Mix one part “tour” with 2 parts imagination and some time with your feet up to enjoy what God has made and man has embellished with his handiwork and words, by enjoying another refreshing peek at a corner of the world in southeast Kent, England.
Oh, and be sure to turn off the news while you sit and relax for a bit.-pbn
Colin Markham is a frequent contributor. His other tours are featured here. He writes on Christian spirituality and fellowship at fellowshipofstpeter. This feature originally appeared on his blog and is reprinted here with permission.
Time and timelessness: a visit to Barham, Kent.
Tour Guide: Colin Markham
Barham (pron. ‘barrum’) is eight miles (13 km) south of Canterbury in the beautiful Elham Valley. (Population 1,355).
Viewed from the uplands to the east, the contrast between the tranquillity of the valley below and the hectic pace of traffic on the main highway illustrates the uneasy tension between posterity and modernity. Fortunately the march of progress barely intrudes on the outstanding natural beauty of the landscape. The world passes by with hurried insouciance. Rolling hills bedecked with woodland form a graceful backdrop to picturesque villages nestling in the valley. Dwellings cling to rising land, mingling with leafy verdure and the expanse of pastureland. Church steeples protrude from the trees like sacred landmarks. The effect is one of serenity and peace, made perfect by the sparkling ribbon that connects all the villages, the Nail Bourne. The clear rippling waters flow among
folds of fertile land like a silken thread running through the luxuriant robes of mother nature, a timeless stream of life-giving liquid.
One October day I went in search of old Barham. I climbed a silent hill under a sombre autumn sky. I came to a point where all the elements combined, where time seemed to stand still. What I had viewed from afar as idyllic scenery now cast a spell and I was drawn into a mystery. In the shadow of the church I inhaled the atmosphere. The winding road, the juxtaposition of buildings and the archaic ambience filled the air with something indescribable. The greyness of the season and the time-honoured structures, infused with a certain mystique, created an enchanted tableau to be relished in the still cool air. The spirits of the ages had captured my imagination and held me there to hear the echo of ancient stones, to witness a special moment in time.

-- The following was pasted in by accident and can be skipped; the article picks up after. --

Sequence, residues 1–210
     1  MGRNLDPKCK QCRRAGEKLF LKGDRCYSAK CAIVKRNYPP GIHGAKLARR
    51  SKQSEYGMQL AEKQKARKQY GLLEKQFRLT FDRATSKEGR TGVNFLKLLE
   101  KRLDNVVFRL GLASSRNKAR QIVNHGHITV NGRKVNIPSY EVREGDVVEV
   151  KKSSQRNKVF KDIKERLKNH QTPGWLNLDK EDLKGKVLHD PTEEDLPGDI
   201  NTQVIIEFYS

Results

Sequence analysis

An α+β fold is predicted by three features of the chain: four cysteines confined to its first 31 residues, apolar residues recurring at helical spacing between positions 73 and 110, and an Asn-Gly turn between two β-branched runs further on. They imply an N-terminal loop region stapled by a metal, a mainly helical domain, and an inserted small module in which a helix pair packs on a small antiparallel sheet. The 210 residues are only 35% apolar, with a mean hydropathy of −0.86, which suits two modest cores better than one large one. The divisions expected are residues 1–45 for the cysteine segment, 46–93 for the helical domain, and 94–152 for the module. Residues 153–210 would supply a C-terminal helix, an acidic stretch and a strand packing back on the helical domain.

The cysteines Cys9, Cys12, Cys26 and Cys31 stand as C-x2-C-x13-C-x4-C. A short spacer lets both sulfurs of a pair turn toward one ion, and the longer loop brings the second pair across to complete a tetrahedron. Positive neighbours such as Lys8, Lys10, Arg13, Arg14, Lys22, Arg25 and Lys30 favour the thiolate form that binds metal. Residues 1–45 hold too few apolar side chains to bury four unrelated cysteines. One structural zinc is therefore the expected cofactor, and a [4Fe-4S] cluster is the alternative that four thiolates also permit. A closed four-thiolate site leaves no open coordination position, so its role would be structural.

The parish church of St. John the Baptist might be said to symbolise both stability and continuity. In times past the distant spire will have brought joy to many a weary traveller, the prospect of safe lodging, rest and refreshment after the open road, a sheltering roof instead of porous bowers, a hearty meal in place of meagre crust and humble apple. Then to tarry a while and hear the lofty tones of the Prayer Book  celebrating the liturgical season and thanksgiving for the fruit of the earth. The people of the valley depended on abundance, all who lived and toiled among the flocks, orchards and furrows. Manor, field and pasture persisted for generations to maintain the equilibrium, the ever-turning wheel of human endeavour. Enclosed by the eternal hills with their warm and protective aura, the countryfolk must have felt safely secluded from the world beyond their confines, a rustic community lost in the mists of time.
In the church several monuments attest to affluent domains. The northern reaches of the
valley are marked by a number of large mansions. Barham Court, with its facade of 1723, is a fine example. The additions by Lutyens  in 1912 skilfully blend with the Georgian motif. Nearby, medieval Little Oak Hall and Corner Cottage form a charming duo, like inseparable and neatly-attired siblings. Lower down, a parade of pretty villas face the greensward in the centre of the village. Along The Causeway, the eighteenth-century Friend’s Cottage suggests a Quaker provenance, and on Derringstone Hill the Wesleyan Chapel of 1836 displays nonconformist simplicity typical of its time.
There are many delights to be found among the sixty-eight listed  buildings in the parish. These noble relics greet you with a benign air of individuality. Are there ghosts? Do they emerge from musty alcoves to flit through the shadows in the twilight hours? The stories they could tell! The lives and loves, the triumphs and tragedies of all who have passed through those portals, the human condition revealed in the fullness of time.
For everything there is a season, and a time for every matter under heaven: a time to be born, and a time to die; a time to plant, and a time to pluck up what is planted; a time to weep, and a time to laugh; a time to mourn, and a time to dance; a time to seek, and a time to lose; a time to keep, and a time to cast away; a time to tear, and a time to sew; a time to keep silence, and a time to speak. What gain has the worker from his toil? I have seen the business that God has given to the children of men….He has made everything beautiful in its time. cf. Ecclesiastes 3.1-11 ESV
1. The Book of Common Prayer, definitive edition 1662. The brainchild of Thomas Cranmer (1489-1556).
2. Sir Edwin Lutyens (1869-1944), renowned English architect.
3. Listed by the government as being of special historical interest. There are around 400,000 listed buildings in England.
Image of bench in Kent, source.
Image of Nail Bourne at Barham, Kent, licensed under Creative Commons 2.0.
Image of Barham Village and Saint John the Baptist Church from the public domain.
Barham Court image source. Photographer, Colin Smith.
Saint John the Baptisit Church from wikemedia commons.